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2015 Recap: Beer’s Future?

Dec 17

There is never a shortage of news in the San Diego beer industry, especially with so many businesses opening. Keeping up with newcomers is a job all its own, but there was more than the normal thrush of new businesses arriving; 2015 saw more suds drama than any year prior—good and bad. Here’s this writer’s take on some of the stories that captivated the county’s beer-drinking public:

saintarcherSaint Archer sells out: This is a good place to start, since this move signaled the beginning of a new era for San Diego beer; one in which Big Beer (or “macrobeer” if you prefer) occupies real estate within the county. This comes courtesy of the money-grabbers at Saint Archer Brewery, a built-to-sell interest that somehow gained traction with craft beer fans who, largely, have since turned their back on the business since SABMiller acquired a majority stake in September.

Ballast Point to go public: Even before Saint Archer sold, members and fans of the craft beer industry had begun to worry about their favorite breweries getting gobbled up by Big Beer conglomerates waving fat checks. Ballast Point Brewing & Spirits was one brewery rumored to have taken meetings with such corporations, but not to fear, the company quelled any worries by initiating the first steps associated with an initial public offering. Now, that’s a cool way to raise capital for expansion and growth while keeping it real, thought San Diego beer enthusiasts. But, wait.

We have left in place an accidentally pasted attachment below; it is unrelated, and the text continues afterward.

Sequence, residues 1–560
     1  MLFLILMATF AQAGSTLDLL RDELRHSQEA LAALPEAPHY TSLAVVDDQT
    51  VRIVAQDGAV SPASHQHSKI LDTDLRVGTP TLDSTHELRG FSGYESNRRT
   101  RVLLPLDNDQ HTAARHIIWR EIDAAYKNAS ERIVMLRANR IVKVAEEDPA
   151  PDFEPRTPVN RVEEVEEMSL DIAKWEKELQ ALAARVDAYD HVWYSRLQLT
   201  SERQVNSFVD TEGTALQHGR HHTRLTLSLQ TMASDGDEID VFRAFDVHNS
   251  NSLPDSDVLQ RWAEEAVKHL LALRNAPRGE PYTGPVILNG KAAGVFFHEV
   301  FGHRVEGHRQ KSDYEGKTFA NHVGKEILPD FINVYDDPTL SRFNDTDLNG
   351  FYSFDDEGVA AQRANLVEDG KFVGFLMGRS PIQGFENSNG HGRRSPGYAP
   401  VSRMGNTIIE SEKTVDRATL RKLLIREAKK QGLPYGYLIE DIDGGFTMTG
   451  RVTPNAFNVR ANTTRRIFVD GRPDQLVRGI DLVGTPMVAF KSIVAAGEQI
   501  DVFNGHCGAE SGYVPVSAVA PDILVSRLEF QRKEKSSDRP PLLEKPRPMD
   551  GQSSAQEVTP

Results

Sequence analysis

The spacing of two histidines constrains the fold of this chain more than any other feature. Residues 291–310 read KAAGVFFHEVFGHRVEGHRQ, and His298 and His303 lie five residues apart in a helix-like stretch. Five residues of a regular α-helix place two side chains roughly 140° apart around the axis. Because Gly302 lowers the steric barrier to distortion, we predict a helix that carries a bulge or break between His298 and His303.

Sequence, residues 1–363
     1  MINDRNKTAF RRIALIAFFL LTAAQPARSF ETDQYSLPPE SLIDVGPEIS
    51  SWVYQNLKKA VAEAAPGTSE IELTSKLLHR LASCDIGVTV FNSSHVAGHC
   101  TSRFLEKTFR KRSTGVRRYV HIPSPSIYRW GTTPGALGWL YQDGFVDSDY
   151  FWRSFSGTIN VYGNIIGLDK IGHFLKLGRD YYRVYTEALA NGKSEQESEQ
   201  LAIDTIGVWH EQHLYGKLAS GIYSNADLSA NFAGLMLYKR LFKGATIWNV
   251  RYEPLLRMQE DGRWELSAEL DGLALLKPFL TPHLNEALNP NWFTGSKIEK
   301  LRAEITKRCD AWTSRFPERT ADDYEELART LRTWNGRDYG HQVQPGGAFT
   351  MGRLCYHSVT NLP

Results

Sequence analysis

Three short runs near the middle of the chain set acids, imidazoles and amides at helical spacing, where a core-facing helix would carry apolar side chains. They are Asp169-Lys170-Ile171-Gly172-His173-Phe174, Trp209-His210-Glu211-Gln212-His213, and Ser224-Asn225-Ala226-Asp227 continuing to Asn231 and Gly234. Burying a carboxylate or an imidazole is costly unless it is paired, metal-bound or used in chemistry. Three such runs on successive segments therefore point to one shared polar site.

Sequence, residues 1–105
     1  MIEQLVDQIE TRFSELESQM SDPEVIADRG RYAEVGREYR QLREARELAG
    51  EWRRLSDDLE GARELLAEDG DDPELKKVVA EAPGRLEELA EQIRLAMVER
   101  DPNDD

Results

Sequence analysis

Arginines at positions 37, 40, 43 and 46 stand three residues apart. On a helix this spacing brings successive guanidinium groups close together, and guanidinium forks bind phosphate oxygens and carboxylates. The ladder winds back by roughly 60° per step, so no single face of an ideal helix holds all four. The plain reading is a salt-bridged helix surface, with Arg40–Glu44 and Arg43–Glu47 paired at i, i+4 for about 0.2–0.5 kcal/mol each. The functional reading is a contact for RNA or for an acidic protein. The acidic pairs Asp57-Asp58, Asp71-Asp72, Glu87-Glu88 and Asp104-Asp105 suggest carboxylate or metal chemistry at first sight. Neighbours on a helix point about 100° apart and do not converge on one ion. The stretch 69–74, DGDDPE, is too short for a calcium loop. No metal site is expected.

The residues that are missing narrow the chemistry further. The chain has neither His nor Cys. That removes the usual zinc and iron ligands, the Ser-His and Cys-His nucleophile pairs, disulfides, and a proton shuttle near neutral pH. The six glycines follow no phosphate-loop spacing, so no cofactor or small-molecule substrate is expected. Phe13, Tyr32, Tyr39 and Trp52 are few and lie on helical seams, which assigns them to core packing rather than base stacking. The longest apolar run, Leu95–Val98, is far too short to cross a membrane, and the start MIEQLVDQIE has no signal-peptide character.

Ballast Point sells out, too: Just kidding. The IPO was never meant to be. Shortly after those initial filings, Ballast Point agreed to sell to Constellation Brands…for $1 billion! While Saint Archer was a company with only two years of spotty peaks and valleys to its brief history, Ballast Point is deeply ingrained in the tapestry of San Diego beer. Birthed in Linda Vista’s storied Home Brew Mart, a place where many of today’s brewing superstars got their first home-brew kits, BP was the epitome of San Diego craft to many people. Many are the longtime beer fiend who swore by Sculpin, and before that Big Eye and Yellowtail (the original name for today’s Pale Ale, youngsters). Losing Saint Archer meant little. Losing Ballast Point, frankly, still stings.